The Task of a True Statesman

Published: July 17, 2009

By Jim Lichtman
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Sitting in a Chinese restaurant, I remember opening a “fortune cookie” which read:  Confucius say… Wealth and renown gained without honor are nothing but drifting clouds.

More than 2,500 years later, the Chinese philosopher and social thinker would probably laugh to discover that much of his wisdom has been distilled and tweaked to fit inside the modern invention of a cookie which owes no more to its Asian heritage than the recipe for the cookie itself.

An exemplary person should be slow to speak yet quick to act.

“The real Confucius,” according to 2002 book by Russell Freedman, “was a minor government official in the ancient Chinese province of Lu.  He lived in troubled times, and he longed to take an active role in running the state.  Though he offered many bold ideas for reform,” Freedman writes, “his advice was ignored by the rulers of the day.”

Gee, what a surprise.

With China splintered into different, warring groups, and many so-called noblemen lacking both the skill and interest to perform even the most basic duties of government offices, Confucius asked, “What is the purpose of government?  It is to promote the welfare and happiness of the people,” he decided.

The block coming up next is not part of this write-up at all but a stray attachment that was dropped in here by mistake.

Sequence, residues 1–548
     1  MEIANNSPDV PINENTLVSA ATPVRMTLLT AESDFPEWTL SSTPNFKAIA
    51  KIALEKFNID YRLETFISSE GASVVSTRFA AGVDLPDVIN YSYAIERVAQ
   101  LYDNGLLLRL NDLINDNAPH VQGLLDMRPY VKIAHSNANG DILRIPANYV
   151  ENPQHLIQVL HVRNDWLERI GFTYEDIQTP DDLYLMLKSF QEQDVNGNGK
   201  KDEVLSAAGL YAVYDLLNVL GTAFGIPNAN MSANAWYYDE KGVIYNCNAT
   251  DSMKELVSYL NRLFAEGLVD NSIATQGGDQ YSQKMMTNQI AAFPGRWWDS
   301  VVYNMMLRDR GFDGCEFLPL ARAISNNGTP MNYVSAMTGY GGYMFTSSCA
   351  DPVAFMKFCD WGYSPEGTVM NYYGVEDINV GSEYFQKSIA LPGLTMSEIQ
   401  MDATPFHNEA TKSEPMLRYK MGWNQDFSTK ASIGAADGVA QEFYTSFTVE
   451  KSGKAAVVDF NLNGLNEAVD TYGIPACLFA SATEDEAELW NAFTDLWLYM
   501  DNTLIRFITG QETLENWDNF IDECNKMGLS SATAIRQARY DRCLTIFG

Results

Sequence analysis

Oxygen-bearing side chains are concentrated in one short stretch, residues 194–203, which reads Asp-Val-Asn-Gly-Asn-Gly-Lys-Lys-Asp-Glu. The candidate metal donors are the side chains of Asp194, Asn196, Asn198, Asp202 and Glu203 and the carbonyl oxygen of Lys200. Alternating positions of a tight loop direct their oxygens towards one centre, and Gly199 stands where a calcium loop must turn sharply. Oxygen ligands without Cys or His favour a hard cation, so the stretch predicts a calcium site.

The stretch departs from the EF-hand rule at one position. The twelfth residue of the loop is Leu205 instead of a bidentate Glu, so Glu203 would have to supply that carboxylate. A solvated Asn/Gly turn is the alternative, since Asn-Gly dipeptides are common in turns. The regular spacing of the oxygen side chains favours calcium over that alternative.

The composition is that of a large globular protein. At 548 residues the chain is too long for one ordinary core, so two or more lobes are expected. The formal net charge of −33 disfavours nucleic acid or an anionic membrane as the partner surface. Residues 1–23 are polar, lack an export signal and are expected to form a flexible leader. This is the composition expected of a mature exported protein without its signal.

“An incompetent ruler or corrupt official,” Confucius points out, “forfeits the people’s trust, and when trust is lost, the country is doomed.”

What a shock.

“Confucius told his students that it was their duty to criticize any ruler who abused his power… a dangerous idea in an age when a displeased prince, with the wave of a hand, could order that man be boiled alive.

“And yet Confucius had the nerve to go even further.  The right to govern, he declared, should depend on a person’s character and ability, not on his birth.”  His best hope to change the political strife in China?  Education – education not only in the ways of wise governance but in character development.

“If you could take over the government,” a student asked the Chinese sage, “what’s the first thing you would do?”

“I would start using honest language,” Confucius said.

“Are you kidding,” the student said.

Clever talk and affected manners are seldom signs of goodness.

According to Freedman, “The first task of a true statesman, Confucius said, is to face the truth, and to use words honestly. That’s what he endeavored to do himself.”

Ethics is the infrastructure for the way things should work. With trust levels for most elected officials at an all-time low, ethics training should be mandatory and on-going with anyone who aspires to be a true statesman.

He who exercises government by means of his virtue may be compared to the north polar star, which keeps its place and all the stars turn towards it.

“Is there a single word that could guide a person’s entire life?” asked a student.

“Perhaps it is shu,” Confucius replied, using a word that means “compassion,” “open-heartedness.”  He then explained:  “Do not impose on others what you do not wish for yourself.”

Five centuries before Jesus taught the Golden Rule, Confucius was inspiring hundreds of students to lead through virtue.

Maybe I should wrap this up in a few hundred fortune cookies and send them to Washington.


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